A second important prescription for good health is: Abstain from nicotine. The clergy should stand firmly with the doctors in this matter. Floods of research have pointed an accusing finger at smoking. This damaging habit invites early coronary disease, emphysema, lung cancer, bladder cancer, and chronic cough from chemical bronchitis. Great numbers of physicians have stopped smoking, and the American Medical Association will no longer accept tobacco advertising in any of its journals.

Prescription number three is: Abstain from alcohol. The medical profession is deeply concerned over the rising incidence of alcoholism in this country. Alcohol is guilty of killing tens of thousands on our highways and of inciting many other deaths through murder, suicide, and health destruction. It places many behind bars as raving maniacs. Others drink their way to cirrhosis of the liver and perhaps death. Recent cardiac publications have discussed a new entity called “alcoholic cardiomyopathy,” or “beer drinker’s heart,” a condition that can occur in persons who drink heavily and consistently for many years. We have learned that alcohol is a cardio-toxin that poisons the mitochondria of the heart muscle cell, blocking the transfer of chemical energy into physical energy. The clergy should stand firmly with the medical profession in denouncing the increasing alcohol consumption.

The fourth mandate for good health and longevity is: Do not become overweight. One of the curses of this affluent nation is its widespread obesity. We who have the finest economy in the world, the finest supermarkets, look it. I constantly urge people to lose weight in order to reduce heart work, lessen frequency of anginal pain, lower blood pressure, and slow down degeneration of the artery walls.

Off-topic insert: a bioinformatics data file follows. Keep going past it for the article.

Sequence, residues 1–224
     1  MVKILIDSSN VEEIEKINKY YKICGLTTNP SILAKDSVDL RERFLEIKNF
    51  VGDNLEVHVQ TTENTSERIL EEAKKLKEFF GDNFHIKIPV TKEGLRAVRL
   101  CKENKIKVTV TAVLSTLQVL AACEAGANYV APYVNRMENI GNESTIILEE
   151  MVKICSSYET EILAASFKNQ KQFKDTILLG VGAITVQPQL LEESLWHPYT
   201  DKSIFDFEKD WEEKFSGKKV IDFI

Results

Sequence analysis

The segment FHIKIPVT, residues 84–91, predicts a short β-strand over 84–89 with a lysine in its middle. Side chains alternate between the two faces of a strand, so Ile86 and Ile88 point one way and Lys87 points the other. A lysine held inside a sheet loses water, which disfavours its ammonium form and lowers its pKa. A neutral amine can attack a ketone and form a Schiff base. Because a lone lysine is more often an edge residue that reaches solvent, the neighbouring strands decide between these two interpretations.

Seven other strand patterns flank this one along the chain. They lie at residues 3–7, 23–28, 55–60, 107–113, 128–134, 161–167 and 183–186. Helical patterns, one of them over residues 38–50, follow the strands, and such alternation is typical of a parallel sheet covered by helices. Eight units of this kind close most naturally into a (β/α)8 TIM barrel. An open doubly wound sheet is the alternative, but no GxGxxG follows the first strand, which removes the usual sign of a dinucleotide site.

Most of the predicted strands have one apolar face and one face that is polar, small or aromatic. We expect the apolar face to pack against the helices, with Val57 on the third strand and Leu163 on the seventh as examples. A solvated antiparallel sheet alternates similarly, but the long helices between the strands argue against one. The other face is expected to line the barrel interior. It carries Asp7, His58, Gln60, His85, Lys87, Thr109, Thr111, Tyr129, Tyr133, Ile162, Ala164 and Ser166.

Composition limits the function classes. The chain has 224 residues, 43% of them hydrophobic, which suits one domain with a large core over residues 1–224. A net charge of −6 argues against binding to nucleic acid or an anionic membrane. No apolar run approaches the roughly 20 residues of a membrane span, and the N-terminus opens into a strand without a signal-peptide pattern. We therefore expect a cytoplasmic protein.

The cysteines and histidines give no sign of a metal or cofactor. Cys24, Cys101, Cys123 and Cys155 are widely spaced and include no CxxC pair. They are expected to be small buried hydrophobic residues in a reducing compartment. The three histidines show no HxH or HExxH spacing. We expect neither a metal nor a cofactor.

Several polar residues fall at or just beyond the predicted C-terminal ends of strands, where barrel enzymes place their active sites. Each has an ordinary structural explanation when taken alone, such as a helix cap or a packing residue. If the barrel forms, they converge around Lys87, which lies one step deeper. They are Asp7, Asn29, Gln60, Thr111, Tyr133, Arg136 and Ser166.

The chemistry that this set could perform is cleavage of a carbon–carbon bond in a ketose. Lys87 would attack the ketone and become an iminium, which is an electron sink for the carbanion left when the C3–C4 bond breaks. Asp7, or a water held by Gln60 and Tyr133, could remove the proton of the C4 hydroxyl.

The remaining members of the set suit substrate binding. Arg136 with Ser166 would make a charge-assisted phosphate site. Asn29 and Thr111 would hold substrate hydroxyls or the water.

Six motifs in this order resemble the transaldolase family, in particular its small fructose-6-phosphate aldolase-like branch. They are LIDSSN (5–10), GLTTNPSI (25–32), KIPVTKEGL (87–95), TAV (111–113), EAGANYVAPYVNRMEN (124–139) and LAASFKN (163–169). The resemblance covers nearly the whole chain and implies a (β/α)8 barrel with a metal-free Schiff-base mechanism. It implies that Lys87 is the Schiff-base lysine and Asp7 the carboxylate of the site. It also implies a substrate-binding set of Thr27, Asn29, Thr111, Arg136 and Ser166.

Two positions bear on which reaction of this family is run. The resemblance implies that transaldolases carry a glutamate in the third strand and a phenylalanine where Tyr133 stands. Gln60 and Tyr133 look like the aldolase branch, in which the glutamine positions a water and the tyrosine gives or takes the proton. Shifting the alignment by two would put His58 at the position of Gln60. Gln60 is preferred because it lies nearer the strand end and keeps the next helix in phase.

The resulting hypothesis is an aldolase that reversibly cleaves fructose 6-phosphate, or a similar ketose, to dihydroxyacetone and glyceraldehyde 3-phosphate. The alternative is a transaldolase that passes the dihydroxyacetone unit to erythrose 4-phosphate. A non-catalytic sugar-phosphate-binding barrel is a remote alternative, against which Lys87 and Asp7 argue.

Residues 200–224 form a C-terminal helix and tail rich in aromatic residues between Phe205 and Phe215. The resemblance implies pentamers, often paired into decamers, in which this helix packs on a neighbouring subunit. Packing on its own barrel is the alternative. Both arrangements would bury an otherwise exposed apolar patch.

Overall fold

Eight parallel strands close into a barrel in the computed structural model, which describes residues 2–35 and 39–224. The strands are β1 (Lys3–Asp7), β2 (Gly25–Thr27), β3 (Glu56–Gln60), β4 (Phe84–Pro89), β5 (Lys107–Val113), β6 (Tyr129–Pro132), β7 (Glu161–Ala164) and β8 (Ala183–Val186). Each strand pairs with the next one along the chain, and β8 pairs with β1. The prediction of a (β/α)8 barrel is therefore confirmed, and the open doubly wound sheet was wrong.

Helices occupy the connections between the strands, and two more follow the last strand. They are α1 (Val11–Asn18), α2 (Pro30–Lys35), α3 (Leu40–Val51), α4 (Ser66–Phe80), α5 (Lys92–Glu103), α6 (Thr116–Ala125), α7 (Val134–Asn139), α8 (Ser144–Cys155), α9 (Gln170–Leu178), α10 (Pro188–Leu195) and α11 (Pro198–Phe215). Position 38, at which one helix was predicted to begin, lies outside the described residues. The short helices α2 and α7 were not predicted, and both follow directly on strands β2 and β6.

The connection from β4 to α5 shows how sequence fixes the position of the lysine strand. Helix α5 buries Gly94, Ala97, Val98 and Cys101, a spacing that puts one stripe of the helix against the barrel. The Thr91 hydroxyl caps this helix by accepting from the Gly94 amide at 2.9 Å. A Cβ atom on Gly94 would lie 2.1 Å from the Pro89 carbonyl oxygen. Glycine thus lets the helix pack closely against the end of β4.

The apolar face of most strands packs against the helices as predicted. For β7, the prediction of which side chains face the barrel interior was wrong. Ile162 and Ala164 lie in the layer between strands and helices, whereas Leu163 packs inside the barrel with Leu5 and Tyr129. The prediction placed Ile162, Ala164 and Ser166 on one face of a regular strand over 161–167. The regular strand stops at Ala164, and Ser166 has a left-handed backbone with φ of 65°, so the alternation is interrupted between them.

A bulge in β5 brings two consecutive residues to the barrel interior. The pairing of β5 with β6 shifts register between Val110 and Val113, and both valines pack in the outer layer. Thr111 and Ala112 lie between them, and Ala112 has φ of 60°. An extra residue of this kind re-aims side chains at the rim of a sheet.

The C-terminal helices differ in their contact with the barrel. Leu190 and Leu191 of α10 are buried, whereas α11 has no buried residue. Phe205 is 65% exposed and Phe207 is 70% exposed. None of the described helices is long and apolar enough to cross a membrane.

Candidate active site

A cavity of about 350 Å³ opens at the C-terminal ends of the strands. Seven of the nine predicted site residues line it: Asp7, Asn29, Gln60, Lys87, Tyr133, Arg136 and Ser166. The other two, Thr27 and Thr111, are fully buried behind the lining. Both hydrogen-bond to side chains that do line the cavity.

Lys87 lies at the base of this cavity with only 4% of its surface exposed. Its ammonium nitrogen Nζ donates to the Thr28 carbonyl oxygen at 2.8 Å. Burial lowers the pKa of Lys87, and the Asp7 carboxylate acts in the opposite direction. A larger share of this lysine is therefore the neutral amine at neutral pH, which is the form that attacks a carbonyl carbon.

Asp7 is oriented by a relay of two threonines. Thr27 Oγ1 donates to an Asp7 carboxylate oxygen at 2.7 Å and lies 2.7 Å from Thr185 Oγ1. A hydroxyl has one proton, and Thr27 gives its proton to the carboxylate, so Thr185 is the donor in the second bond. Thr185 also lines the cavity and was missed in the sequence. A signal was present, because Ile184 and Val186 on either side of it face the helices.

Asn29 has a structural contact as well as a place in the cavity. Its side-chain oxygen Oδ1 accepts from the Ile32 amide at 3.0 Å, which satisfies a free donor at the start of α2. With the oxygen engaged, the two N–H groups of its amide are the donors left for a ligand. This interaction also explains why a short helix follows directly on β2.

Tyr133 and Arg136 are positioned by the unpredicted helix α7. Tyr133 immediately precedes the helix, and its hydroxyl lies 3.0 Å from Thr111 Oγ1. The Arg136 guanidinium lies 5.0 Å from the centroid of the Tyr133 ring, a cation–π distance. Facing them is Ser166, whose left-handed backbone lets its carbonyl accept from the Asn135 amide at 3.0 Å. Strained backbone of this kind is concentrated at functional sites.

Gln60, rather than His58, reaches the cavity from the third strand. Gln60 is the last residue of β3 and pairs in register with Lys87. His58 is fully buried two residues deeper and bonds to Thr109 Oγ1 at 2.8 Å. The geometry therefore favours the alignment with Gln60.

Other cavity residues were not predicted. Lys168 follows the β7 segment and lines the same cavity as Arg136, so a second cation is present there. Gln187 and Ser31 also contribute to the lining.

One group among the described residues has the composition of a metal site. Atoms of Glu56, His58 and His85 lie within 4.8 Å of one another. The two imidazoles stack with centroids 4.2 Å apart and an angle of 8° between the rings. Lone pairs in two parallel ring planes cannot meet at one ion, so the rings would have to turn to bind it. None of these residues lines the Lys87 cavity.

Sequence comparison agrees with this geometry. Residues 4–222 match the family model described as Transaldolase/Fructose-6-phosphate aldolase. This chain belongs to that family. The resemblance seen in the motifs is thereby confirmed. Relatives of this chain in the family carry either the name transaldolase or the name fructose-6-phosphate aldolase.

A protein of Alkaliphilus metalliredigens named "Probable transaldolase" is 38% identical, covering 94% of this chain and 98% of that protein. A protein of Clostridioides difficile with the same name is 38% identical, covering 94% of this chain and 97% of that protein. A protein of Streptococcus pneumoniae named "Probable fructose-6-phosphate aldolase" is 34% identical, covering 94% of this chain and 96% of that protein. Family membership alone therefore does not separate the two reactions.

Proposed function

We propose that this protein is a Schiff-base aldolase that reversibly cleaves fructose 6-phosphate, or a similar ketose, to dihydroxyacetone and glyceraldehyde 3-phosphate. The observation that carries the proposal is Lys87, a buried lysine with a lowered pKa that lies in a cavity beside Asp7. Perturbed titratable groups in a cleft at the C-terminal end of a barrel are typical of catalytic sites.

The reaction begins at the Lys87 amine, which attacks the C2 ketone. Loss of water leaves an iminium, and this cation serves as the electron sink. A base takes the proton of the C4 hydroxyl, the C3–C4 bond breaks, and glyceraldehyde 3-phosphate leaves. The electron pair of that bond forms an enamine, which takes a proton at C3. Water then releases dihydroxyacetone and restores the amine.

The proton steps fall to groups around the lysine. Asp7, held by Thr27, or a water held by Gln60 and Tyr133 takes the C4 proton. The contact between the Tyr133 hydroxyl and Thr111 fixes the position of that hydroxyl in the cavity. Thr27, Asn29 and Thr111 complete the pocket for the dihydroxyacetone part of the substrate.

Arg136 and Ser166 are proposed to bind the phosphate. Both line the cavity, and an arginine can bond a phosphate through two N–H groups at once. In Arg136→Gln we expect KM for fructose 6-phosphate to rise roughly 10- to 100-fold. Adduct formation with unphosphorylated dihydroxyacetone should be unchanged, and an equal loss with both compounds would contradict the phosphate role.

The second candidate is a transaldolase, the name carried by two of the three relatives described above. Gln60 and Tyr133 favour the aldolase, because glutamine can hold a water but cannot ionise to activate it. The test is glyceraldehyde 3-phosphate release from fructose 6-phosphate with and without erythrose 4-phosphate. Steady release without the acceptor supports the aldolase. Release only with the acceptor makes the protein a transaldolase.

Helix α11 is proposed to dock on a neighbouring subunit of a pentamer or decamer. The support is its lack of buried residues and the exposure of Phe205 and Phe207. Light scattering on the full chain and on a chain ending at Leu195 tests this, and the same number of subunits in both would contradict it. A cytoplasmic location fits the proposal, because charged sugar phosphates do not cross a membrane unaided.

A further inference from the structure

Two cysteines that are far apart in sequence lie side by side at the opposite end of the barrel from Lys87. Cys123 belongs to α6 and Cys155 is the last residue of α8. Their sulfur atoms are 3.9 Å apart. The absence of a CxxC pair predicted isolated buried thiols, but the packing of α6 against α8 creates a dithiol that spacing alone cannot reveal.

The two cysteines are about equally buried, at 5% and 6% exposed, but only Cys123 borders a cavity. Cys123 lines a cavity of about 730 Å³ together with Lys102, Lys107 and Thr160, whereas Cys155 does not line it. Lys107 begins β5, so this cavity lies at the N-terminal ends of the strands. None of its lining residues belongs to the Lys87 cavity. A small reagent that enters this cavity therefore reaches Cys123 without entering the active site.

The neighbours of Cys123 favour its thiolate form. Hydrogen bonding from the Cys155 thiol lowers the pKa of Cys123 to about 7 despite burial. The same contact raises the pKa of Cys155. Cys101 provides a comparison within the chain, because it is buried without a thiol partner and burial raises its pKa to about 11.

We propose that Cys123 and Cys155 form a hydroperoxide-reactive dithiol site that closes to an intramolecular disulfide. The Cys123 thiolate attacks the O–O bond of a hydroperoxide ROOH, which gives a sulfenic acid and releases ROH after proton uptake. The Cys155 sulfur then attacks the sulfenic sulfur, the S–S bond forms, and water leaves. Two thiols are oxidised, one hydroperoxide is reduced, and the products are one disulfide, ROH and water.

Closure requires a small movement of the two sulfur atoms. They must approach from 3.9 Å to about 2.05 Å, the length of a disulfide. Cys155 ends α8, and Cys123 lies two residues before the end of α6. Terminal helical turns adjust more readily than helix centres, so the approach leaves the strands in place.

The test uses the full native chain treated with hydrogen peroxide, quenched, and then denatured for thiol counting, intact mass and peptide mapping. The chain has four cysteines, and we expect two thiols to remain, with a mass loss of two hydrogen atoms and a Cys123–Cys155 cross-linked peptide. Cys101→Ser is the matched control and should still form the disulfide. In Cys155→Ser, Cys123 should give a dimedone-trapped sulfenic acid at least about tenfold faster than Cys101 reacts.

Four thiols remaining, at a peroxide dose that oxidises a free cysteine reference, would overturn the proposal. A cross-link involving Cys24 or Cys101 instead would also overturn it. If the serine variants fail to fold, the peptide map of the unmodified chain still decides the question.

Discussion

Pastors, shape up, skinny down, and don’t hesitate to bid parishioners to do likewise. I believe it is a form of discipleship and consecration to keep thin and healthy. Paul spoke bluntly in Philippians 3:19 about those “whose end is destruction, whose god is their belly.”

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Another edict is: Limit animal fats in the diet. In recent years medical science has come to realize that generous eating of animal fats is one of about ten factors leading to arteriosclerosis. It is interesting that in Leviticus 7, written 3,500 years ago, we are told: “And the LORD spake unto Moses, saying, Speak unto the children of Israel, saying, Ye shall eat no manner of fat, of ox, or of sheep, or of goat.”

When people want to debate with me the relation of fats to arteriosclerosis, I simply point out that this is only one of a number of known factors. The limitation of fat is logical, for fats contribute nine calories per gram of food, and limitation of fats aids in weight control. Greasy blood is clotty blood, and since we know red cells stick together more easily when the blood is fatty, it’s hardly worth an argument. Far better to be safe than sorry.

Still another decree for the preservation of good health is: Reduce salt intake. Dr. Richard C. R. Connor reported that the salt consumption in Glasgow, Scotland, was about 10.3 pounds per year per patient while in Monmouthshire, England, it was 6.7 pounds per patient. The incidence of coronary heart disease is much higher in Glasgow than in Monmouthshire; this suggests that we would do well to cut down on salt consumption. Most of us crowd too much salt into our diets, and it tends to make us waterlogged. Experiments in which rats and guinea pigs consumed a lot of salt have produced a surprisingly high number of animals with high blood pressure. Heavy salt intake is one of five factors implicated in hypertension, taking its place alongside heredity, obesity, nicotine, and stress.